Shaykh Umar Al-Qadri speaks in the House of Commons & meets HRH Prince of Wales regarding persecution of faith communities

November 27, 2016


On Thursday 24th November 2016, Aid to the Church in Need launched the “Religious Freedom in the World” report in the House of Commons. The report describes the impact of the persecution of faith communities and specially the impact of Islamist “hyper-extremism” and how it has unleashed a wave of violence and exodus, prompting record-breaking numbers of refugees and threatening the survival of Christians, Muslims, Yazidis and other minorities in Iraq, Syria and other parts of the world.

The report also highlights the genocide of the Rohingya Muslims by Buddhist extremists.

Shaykh Dr. Umar Al-Qadri (Chair of the Irish Muslim Peace & Integration Council and Head Imam of the Islamic Centre Ireland) delivered a keynote along with the Patriarch of the Syrian Orthodox Church, HH Ignatius Aphrem II and Dr. Sarah Bernstein, Director of the Jerusalem Centre for Jewish-Christian relations.

After the launch Shaykh Al-Qadri and other senior figures from ACN met with HRH Prince Charles, Prince of Wales in his residence. In the one hour-long meeting with HRH Prince of Wales the persecution of religious communities and religious motivated violence was discussed.


Key points from the lecture by Shaykh Al-Qadri :

  • Reading this report will be very emotional and heart-breaking for all its readers but particularly for Muslims because the report highlights the emergence of a new phenomenon known as Islamist extremism. Violence perpetrated by extremists claiming to act in the name of Islam. Extremists that have hijacked the religion of Islam.
  • The report also highlights violence committed by extremists claiming to act in the name of Buddhism in Myanmar
  • History is full of examples of extremists in every religious community that have committed violence in the name of their religion
  • The reality is no religion wether Christianity, Judaism, Islam, Buddhism, Hinduism teaches violence and extremism. All religions teach respect, tolerance and acceptance of the other.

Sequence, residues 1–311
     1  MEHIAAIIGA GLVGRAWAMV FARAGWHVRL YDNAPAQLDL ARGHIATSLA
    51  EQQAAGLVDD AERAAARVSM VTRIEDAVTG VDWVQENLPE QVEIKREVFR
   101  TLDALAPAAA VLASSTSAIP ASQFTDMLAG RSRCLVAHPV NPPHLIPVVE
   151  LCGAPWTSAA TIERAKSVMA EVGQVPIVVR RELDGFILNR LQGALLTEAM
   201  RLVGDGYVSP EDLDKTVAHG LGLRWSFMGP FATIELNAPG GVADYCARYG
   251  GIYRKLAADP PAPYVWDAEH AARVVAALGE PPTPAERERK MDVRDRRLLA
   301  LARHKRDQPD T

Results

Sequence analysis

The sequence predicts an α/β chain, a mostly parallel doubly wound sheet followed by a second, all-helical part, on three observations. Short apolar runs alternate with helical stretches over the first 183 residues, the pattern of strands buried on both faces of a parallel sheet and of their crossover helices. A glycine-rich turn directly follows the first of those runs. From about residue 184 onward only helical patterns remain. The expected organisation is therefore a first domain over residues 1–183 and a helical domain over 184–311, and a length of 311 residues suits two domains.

• Persecution of Christians in Muslim Majority Countries is not inspired and motivated by Religious Scripture but is a new phenomenon which must be challenged.
  • Misinterpretation of Islamic teachings and rise of the very radical ideology “Wahhabism” has contributed significantly to such violence.
  • Quran guarantees religious freedom to all mankind.
  • In 628 AD, a delegation from St. Catherine’s Monastery came to Prophet Muhammad and requested his protection. He granted them protection and provided them with a letter, which is called the “Charter of Privileges.” It consisted of several clauses covering all aspects of human rights, including such topics as the protection of Christians, freedom of worship and movement, freedom to appoint their own judges and to own and maintain their property, exemption from military service, and the right to protection in war.
  • Throughout centuries 1200 years in most part of the Muslim world the “Charter of Priveleges” was observed.
  • From Abbasid time, Christian scholars were advisors of Umayyad and Abbasid caliphs and used their money they got as courtiers to publish theological tracts.
  •  St John of Damascus who was a Patriarch of the Syrian Orthodox Church. He was advisor and lived at the Umayyad court and published a theological tract in which he discussed Islam as a Christian heresy.
  • Persecution of Christians by so-called Muslims is worrying and must be challenged. In January 2016, 300 Muslim scholars from around the world issued the “Marrakech Declaration” in which they condemned religious persecution of non-Muslims in Muslim majority countries.
  • The majority must unite against minority extremists and radicals.
  • Other factors that contribute to religious motivated violence (political, social, economic) must be addressed honestly also.

The Religious Freedom in the World report can be read here:




gg ff

ee cc bb aa